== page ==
Keywords: Thermal Energy storage, space heating and cooling, DHW, TRNSYS.

Storage using chemical reactions

The high density of storage with chemical reactions makes the topic attractive. However many difficulties must be overcome to get to a commercial solution. The choice of an adequate reaction has kept attention at ECN, The Netherlands. A promising material is magnesium hydroxide seven hydrates which could theoretically store 777 kWh/m3 at 122 C.

Fig. 13. Sketch of a future chemical heat store system with its three vessels, at ECN, the Netherlands (for a 12.2 MWh capacity, tanks volume could be: A 14 m3, B 5 m3, C 16 m3)/

This is a temperature that high performance solar collectors can achieve in summer time. The principle is to dry the material in summer with solar heat and in wintertime rehydratation can deliver back the energy (figure 13). Work with this material and its abitlity to de-hydrate and re-hydrate has just started.

Test results from a Latent Heat Storage developed for a Solar Heating and Cooling System

Harald Mehling*, Stefan Hiebler, Christian Schweigler, Christian Keil, Martin Helm

Bavarian Center of Applied Energy Research (ZAE Bayem), Walther-MeiBner-Str.6, 85748 Garching,

Germany

* ph:++49 89 329442-22, fax: :++49 89 329442-12, e-mail: Mehling@muc. zae-bayern. de

Abstract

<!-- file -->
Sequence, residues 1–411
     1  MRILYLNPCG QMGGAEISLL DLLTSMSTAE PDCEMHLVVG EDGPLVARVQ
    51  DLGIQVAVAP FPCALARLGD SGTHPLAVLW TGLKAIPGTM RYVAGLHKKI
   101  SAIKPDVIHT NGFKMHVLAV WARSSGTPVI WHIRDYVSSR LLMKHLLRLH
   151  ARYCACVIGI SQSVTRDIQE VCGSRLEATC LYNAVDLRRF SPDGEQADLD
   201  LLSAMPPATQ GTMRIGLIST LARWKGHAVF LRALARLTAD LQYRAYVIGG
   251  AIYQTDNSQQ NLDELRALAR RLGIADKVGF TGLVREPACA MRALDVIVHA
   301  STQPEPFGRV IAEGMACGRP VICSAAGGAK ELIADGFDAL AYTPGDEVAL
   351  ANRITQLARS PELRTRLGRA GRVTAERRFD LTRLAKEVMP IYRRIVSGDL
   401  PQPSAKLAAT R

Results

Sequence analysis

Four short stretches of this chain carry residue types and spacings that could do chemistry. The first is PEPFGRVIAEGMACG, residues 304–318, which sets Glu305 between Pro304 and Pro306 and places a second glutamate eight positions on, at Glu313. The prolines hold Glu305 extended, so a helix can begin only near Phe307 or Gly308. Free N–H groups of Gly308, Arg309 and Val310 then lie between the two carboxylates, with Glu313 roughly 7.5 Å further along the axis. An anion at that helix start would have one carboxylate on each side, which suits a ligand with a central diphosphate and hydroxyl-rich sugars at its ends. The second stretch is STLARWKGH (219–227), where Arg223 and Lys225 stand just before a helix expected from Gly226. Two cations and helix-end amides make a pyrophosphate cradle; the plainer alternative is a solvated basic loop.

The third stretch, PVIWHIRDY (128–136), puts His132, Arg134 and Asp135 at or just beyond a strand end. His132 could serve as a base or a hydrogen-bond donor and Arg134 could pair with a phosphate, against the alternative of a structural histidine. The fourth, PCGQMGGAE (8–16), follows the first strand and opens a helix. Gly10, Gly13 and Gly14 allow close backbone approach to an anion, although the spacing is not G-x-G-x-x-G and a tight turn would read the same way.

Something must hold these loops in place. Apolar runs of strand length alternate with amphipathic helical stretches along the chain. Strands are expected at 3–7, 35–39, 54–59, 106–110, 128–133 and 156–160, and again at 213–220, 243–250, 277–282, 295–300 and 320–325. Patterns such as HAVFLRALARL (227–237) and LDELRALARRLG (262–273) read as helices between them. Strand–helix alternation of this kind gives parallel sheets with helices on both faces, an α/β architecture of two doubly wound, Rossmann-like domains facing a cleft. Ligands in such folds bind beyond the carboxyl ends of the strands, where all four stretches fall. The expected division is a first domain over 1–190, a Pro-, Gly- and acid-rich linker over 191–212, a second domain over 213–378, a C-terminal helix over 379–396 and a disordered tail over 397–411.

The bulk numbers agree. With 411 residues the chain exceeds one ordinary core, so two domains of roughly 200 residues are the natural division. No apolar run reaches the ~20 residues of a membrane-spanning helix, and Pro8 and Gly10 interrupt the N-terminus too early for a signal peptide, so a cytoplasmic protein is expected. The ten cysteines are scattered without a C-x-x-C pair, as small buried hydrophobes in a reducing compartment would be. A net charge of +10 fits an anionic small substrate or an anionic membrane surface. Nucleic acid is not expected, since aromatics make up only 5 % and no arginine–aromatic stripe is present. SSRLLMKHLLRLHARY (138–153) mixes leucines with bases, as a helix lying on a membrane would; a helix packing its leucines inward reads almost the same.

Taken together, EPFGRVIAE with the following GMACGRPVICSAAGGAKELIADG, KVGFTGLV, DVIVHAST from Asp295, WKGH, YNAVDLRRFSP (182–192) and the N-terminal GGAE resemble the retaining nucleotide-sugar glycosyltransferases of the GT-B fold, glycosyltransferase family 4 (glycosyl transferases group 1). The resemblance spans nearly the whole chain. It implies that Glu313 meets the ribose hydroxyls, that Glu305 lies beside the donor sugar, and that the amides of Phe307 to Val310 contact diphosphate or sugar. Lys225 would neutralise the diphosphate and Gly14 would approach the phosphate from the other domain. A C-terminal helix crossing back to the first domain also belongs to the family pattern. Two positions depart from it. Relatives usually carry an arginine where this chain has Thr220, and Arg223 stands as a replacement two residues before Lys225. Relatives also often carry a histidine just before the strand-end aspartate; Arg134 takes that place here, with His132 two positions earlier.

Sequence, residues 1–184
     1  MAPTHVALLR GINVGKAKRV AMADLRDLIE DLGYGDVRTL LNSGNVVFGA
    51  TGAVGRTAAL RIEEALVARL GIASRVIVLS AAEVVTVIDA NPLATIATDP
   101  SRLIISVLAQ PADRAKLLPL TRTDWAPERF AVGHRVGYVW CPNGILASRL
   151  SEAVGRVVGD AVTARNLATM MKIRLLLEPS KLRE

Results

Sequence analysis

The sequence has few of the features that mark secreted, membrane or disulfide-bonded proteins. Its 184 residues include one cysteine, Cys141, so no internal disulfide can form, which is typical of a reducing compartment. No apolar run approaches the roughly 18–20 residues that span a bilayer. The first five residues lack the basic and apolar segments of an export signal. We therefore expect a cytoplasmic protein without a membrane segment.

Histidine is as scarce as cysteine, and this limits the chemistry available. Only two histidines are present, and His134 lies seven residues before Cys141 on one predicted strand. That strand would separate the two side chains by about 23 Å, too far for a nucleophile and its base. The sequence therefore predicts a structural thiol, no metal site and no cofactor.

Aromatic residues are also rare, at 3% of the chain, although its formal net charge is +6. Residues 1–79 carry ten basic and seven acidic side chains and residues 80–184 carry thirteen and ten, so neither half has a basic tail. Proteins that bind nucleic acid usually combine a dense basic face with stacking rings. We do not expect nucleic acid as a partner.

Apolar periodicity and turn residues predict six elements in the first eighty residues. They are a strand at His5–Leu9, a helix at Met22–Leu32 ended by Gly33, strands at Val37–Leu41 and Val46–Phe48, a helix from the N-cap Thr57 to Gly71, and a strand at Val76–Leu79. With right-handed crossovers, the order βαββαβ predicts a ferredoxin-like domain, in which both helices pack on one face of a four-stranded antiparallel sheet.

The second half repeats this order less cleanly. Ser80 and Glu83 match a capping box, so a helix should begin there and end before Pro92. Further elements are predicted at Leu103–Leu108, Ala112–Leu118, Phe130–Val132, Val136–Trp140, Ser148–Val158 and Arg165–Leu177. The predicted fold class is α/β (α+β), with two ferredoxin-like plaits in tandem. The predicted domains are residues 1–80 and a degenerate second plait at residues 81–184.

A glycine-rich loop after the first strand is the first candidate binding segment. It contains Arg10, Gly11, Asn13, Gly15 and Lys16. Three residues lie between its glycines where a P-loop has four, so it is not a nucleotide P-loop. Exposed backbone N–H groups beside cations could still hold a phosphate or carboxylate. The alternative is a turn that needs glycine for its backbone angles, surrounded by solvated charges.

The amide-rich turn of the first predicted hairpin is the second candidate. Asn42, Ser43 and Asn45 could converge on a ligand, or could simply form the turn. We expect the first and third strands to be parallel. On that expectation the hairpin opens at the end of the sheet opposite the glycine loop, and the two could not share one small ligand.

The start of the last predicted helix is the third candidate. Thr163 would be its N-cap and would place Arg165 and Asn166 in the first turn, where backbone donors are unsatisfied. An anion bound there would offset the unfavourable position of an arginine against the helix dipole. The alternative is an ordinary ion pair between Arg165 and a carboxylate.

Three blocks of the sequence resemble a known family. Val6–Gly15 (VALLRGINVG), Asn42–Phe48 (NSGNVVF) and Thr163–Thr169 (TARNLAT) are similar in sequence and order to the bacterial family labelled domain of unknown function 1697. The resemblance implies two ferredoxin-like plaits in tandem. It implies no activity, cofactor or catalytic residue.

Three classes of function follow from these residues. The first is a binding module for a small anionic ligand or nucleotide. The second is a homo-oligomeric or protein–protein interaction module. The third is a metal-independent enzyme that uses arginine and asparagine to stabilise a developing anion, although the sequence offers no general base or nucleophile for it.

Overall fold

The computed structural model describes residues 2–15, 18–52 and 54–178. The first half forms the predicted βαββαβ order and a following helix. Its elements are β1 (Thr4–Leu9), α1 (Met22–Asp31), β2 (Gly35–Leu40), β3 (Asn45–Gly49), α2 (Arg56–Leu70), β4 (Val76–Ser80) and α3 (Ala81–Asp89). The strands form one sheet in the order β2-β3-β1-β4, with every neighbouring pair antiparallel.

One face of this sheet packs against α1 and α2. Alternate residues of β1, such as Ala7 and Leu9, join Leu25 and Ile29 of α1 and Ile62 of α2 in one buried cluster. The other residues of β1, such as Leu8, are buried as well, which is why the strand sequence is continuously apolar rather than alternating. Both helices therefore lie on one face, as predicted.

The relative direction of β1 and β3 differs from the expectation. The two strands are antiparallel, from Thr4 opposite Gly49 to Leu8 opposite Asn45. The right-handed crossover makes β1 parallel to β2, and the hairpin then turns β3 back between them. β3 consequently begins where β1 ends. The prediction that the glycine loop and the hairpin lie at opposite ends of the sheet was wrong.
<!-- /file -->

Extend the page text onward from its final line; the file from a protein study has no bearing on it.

In solar thermal installations, full annual utilisation is desirable. This can be achieved with solar space heating during the cold season and solar cooling by means of sorption cooling in the warm season. When low temperature heating and cooling facilities like floor or wall heating systems or activated ceilings are applied for heating and cooling, a low-temperature heat storage using the latent heat of phase change materials (PCM) can be used to significantly improve the system in the cooling and also in the heating mode. After completion of tests on functional models, a full scale storage with about 2 tonnes of CaCl26H2O as PCM and capillary tubes as heat exchanger was built in fall 2006. The storage consists of two modules with a total volume of 1.5 m3 and has a design storage capacity of 120 kWh in the temperature range from 25 °C to 33 °C. At first, the performance of the storage was determined in standalone tests. Then, the storage was integrated into the new system for solar heating and cooling at the ZAE Bayern. This paper reports on the stand alone tests, and the tests performed after the storage was integrated into the system during summer operation in 2007 and winter operation 2007/2008.